Can We Hang Together?
Ecumenical Agreement on Religious Liberty Awaits Catholic Clarity
For at least a generation now, ecumenism and religious liberty have been very much intertwined, not least in what has come to be called the "ecumenism of the trenches." In a culture increasingly hostile to the Christian faith, those of differing confessions have made common cause in defending the freedom to act on those confessions. While both necessary and beneficial, this ecumenism for the sake of religious liberty does have certain shortcomings. Particularly, it is by its nature ad hoc, pragmatic, and under-theorized.
By way of contrast, the Second Vatican Council famously attempted to articulate principled theological rationales for both ecumenism and religious liberty. The Council not only addressed both issues; they were at one point intended to be treated together, in a single document. There is clearly some warrant, then, for treating religious liberty itself as an ecumenical issue. But does it—or might it—constitute ecumenical common ground? Despite various disagreements between Protestants, Catholics, and Orthodox, do we—or can we—agree on religious liberty? And if so, how might the manner by which agreement is reached inform other ecumenical endeavors?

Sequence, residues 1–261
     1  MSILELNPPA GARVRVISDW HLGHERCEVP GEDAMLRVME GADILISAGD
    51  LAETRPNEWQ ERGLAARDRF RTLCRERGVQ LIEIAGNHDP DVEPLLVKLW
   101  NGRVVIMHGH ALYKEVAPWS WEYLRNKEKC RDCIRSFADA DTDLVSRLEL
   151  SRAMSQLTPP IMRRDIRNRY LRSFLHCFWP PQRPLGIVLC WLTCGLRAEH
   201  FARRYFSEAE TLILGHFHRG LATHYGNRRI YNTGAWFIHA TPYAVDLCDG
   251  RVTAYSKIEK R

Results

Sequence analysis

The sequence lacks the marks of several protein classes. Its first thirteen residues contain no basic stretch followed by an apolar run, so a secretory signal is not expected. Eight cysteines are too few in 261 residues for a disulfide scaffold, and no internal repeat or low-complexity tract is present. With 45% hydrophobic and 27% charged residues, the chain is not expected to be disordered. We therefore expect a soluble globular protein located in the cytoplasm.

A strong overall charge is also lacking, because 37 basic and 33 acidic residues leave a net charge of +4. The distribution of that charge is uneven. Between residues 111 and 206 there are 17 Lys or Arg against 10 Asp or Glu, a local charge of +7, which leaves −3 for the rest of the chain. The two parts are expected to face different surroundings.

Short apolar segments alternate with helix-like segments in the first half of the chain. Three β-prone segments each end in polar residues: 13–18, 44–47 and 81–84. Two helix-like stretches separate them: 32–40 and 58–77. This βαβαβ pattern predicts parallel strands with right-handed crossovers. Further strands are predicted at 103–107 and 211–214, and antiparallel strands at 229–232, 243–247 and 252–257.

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Korey D. Maas is an associate professor of history at Hillsdale College in Hillsdale, Michigan.
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